By Robert Deaves
WSC on its centenary (Robert Deaves)
The story of Waldringfield Sailing Club is a remarkable story. In 2021 the Club celebrated its centenary, 100 years of sailing on the River Deben, and as part of those celebrations started work on writing its history. The result is ‘A Century of Sailing – Waldringfield Sailing Club 1921-2021’, which has just been published.
Gorse Cabin in the centre in the 1920s (WHG archive)
Waldringfield Sailing Club was established in 1921 in a small First World War Nissen hut at Gorse Cabin beside the picturesque River Deben in Suffolk. An eclectic group of 11 enthusiasts set some basic rules and arranged a programme of races.
A club programme from the 1930s
The formation of the Club came after a period of heavy industry in the small riverside village when leisure pursuits, especially sailing and racing, became more popular. Over the next 100 years it would grow to more than 800 members, who would go on to win numerous national and world titles.
The Club was originally based on glebe land, leased from the local church with annual tenancy agreements, as well as on further land leased from the Maybush public house, and others, but over the course of three-quarters of a century it would gradually become one of the largest landowners in the village.
The new clubhouse built in 1932 (John Palmer Collection)
The Club soon outgrew the confines of Gorse Cabin and in 1932 a purpose-built wooden shelter was built just to the north. The early leases were handwritten and lasted for one year, and even though the incumbents of the local church – the Waller family, which held an unbroke line of Rectors from 1832 to 2013 – were amenable to supporting the sailing club and offered reassurance that they would not require the club to move, they were reluctant to enter into long term leases or to sell any of the land to the Club.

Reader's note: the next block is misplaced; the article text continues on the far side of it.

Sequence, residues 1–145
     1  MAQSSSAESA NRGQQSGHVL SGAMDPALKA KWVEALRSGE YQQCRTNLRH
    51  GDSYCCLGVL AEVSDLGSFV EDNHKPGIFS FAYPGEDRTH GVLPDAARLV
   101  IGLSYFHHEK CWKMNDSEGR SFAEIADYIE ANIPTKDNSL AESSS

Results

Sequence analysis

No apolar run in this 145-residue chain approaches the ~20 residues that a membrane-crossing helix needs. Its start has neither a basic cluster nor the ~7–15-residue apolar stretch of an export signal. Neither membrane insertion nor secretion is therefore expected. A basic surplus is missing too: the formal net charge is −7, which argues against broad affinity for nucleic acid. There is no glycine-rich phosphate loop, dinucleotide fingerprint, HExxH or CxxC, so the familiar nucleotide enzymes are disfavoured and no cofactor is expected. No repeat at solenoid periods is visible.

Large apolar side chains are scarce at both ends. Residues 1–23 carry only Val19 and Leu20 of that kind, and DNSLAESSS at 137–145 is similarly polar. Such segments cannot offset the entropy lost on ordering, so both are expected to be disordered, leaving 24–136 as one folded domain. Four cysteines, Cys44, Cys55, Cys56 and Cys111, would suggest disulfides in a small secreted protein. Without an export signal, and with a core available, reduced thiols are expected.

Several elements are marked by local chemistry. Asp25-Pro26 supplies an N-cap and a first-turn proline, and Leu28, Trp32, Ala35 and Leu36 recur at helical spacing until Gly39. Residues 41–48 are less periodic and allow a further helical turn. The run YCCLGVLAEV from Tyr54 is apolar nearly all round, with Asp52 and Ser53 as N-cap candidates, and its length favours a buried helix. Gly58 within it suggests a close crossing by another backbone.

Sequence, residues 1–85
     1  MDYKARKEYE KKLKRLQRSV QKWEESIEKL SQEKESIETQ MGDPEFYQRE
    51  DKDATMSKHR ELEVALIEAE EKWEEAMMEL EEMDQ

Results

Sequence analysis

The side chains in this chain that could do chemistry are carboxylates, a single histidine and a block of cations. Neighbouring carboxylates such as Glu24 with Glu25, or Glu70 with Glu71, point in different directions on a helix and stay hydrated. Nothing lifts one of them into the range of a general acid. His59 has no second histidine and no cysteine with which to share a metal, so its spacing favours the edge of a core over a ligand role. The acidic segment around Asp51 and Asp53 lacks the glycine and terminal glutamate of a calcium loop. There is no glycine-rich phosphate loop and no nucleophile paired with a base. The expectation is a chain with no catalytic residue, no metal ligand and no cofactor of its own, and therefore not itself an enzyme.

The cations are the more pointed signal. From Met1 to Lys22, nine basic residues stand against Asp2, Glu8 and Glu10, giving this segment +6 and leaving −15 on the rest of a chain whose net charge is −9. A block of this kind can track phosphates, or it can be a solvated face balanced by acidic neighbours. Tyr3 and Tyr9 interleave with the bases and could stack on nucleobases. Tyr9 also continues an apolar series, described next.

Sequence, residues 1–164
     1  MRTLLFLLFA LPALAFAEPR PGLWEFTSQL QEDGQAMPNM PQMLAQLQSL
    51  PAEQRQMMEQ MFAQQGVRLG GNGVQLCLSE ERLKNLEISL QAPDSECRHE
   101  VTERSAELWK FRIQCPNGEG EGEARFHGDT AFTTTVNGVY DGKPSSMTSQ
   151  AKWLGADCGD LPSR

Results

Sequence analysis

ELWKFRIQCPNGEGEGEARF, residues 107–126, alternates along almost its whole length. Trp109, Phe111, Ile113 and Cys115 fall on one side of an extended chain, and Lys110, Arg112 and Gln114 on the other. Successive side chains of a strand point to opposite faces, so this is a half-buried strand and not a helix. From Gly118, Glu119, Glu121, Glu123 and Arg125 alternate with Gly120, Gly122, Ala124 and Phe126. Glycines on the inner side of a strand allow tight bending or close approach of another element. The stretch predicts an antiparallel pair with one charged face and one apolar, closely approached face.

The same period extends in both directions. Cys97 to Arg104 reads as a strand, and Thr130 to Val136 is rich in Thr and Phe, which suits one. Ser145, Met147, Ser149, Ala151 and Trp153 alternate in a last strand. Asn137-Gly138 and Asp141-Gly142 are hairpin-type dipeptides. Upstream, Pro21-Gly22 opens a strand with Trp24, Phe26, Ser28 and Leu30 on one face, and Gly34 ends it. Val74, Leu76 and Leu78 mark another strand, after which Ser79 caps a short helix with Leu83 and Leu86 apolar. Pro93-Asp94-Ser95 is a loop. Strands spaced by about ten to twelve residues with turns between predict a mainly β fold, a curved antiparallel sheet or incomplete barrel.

Opening of the new clubhouse in 1981 (WSC archive)
Then in 1976 the glebe began to be managed by the diocese and a 30-year lease was finally agreed in 1979. This allowed the club to rebuild the clubhouse in 1981, and to replace most of the aging wooden structure that had been built in 1949, and adjoined to the original 1932 clubhouse, part of which stood until 1989.
Alongside this, the lack of car parking was a perennial problem, and again largely dependent for many years on the good will of the brewery operating the riverside public house, The Maybush. A long-term lease was finally agreed in 1980.
Then, from the late 1990s to early 2000s the Club managed to buy both the freehold on the clubhouse and dinghy parks from the church, as well as the car park from the brewery. For the first time in 80 years, it was finally in charge of its own destiny and had security over all the land it needed to operate.
Lark racing in the late 1980s (Chris Baker)
Racing started at the club in 1921, though records only begin in 1922 and the early fleet was a handful of open and half decked small yachts. Keelboats continued to be raced from the club until the 1980s but increasing number of moorings and the size of the yachts gradually meant it became impracticable.